Thursday, November 20, 2014

Pink: Pop Singer & Songwriter

Rebecca Rowell
Minneapolis:  ABDO, 2014, Ages 10-16

This story is about a troubled teen named Alecia Moore and how she matured and became the pop star Pink. Pink was not always the pop star that she is known as today, but this book gives her fans some insights into the sort of person Pink really is. This book tells of the defining and life changing moments in Alecia Moore /Pinks career. There are a lot of things that could have changed Pinks career for the good or bad, but since Pink always stayed true to who she was and gave it her all she has always made it out on top and has been successful. 

The writing style is very easy to read and pulls the readers in with nice details. It reads similar to a captivating magazine article.

There were no illustrations in this book but there were many pictures that were excellent quality that helped tell Pink’s story. 

I really enjoyed this book it was very informational and had great pictures. I would definitely recommend this book to anyone that has interests in music or likes learning about people. This book is a great read and it could capture the attention of non-readers too with its great graphics, interesting facts, and great writing style. I feel that this book is best for ages 10 and up, it would not be appropriate for anyone younger than the age 9 because it does talk about pinks troubled past. 

Reviewed by Rebecca Rowell

Eight Dolphins of Katrina: A True Tale of Survival

Eight Dolphins of Katrina:  A True Tale of Survival 
By Janet Wyman Coleman, illustrated by Yan Nascimbene
Boston: Houghton Mifflin Harcourt, 2013, Ages 11-15

This story is about eight dolphins who survived the disasters of Hurricane Katrina. These eight dolphins lived and were raised at the Marine Life Oceanarium in Mississippi. Before the storm hit the trainers moved some of the dolphins to safer locations but the last eight dolphins had no other place to go and had to be left. When Katrina hit it destroyed the Oceanarium and those eight dolphins were washed back into the Gulf. The trainers were worried they would not be able to survive on their own but insisted on searching the Gulf for them. Miraculously, all eight of them turned up and were healthy and unharmed because they stayed together.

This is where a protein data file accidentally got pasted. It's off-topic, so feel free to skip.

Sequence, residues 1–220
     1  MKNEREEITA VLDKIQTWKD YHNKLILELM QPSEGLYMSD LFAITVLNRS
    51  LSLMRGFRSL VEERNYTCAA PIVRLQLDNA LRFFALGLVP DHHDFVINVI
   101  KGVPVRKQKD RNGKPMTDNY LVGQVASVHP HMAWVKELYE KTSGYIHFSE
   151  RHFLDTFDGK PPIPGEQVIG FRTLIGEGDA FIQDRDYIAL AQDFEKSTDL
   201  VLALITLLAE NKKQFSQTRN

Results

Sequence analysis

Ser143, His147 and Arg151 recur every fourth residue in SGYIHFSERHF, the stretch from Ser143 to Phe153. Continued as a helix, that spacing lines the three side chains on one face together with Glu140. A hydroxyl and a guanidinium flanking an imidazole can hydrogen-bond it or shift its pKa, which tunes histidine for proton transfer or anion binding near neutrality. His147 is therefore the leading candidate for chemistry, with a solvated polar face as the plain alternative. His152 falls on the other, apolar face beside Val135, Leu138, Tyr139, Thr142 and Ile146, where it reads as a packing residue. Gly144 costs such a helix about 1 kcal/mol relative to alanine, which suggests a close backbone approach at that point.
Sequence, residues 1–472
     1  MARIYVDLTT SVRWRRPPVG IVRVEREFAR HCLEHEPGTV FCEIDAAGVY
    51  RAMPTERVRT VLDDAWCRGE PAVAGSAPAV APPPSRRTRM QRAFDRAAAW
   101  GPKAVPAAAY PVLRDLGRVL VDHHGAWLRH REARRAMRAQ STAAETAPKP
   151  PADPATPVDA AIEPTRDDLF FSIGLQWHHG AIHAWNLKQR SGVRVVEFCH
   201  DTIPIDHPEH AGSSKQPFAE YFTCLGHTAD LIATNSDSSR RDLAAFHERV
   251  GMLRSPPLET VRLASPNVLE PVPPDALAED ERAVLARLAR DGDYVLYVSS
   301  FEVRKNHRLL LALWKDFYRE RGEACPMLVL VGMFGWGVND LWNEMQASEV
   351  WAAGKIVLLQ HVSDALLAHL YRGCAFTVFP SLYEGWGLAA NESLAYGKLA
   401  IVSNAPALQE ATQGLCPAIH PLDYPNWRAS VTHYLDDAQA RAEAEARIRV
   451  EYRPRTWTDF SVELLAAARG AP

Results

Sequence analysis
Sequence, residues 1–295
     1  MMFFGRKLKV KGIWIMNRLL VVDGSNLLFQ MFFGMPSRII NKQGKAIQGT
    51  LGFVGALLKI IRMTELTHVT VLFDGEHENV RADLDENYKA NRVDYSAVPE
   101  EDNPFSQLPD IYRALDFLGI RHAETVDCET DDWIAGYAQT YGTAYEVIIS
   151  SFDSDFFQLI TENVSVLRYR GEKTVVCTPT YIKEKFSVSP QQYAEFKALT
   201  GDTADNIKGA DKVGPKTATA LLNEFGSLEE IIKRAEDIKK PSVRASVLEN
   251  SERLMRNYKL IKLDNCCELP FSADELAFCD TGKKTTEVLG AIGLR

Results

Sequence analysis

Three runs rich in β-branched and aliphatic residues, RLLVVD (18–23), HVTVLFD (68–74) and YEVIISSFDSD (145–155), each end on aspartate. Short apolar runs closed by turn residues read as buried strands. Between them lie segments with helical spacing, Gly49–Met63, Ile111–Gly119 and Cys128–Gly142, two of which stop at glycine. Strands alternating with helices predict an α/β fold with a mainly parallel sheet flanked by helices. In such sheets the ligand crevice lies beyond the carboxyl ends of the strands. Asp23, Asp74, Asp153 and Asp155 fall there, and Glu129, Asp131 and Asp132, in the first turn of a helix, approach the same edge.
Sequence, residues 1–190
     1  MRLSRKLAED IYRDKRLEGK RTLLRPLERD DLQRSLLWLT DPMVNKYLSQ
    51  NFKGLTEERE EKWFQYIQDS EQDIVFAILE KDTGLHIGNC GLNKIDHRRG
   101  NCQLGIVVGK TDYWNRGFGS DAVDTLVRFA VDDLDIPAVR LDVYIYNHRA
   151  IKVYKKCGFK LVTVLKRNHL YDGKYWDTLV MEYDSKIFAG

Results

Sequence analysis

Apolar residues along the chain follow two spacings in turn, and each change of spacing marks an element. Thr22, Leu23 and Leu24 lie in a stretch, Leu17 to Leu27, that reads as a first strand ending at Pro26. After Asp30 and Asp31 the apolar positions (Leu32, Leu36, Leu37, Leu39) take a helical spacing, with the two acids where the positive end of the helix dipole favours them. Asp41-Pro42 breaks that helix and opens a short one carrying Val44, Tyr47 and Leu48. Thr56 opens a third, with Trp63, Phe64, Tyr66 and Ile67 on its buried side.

This is a nonfiction book and written as an expository. This means that the book was written to share an event that happened and it was not written in first person but has a lot of details. Coleman did not experience this situation first-hand but she interviewed the doctor and trainers and got the information first-hand. Along with gathering a lot of first-hand information, the author does a great job at capturing emotion and keeping the readers interest. It is an easy read but because of the knowledge the reader must have about what Hurricane Katrina was, I think it was meant for a 4th or 5th grade student. 

While the book had a great story line, I think what I liked best was the pictures. The book's cover shows a real picture of two dolphins in the water smiling up at you. This picture is what pulled my attention to the book in the first place before I even read the title. The book starts off as illustrated drawings and they are perfectly portraying what is happening in the story. They are vibrant, detailed, and really grab the reader’s attention. The pictures even do a good job at capturing the emotion that the trainers and readers must be feeling about these missing dolphins. At the end it also includes real pictures of the dolphins, trainers, rescue helicopter and the Oceanarium to give the readers an exact picture.

In my opinion, this book deserves 5 stars. I think that it shares a lot of content about what really did happen during Hurricane Katrina, gives a good story line and provides a lot of detailed pictures. The book for me was easy to read and kept my interest the entire time, which is why I think it would appeal to lower middle level students. The only reason that the book may not appeal to some readers is if they did not know what Hurricane Katrina was, how big of an impact it had, and how incredible it was that the dolphins were actually rescued.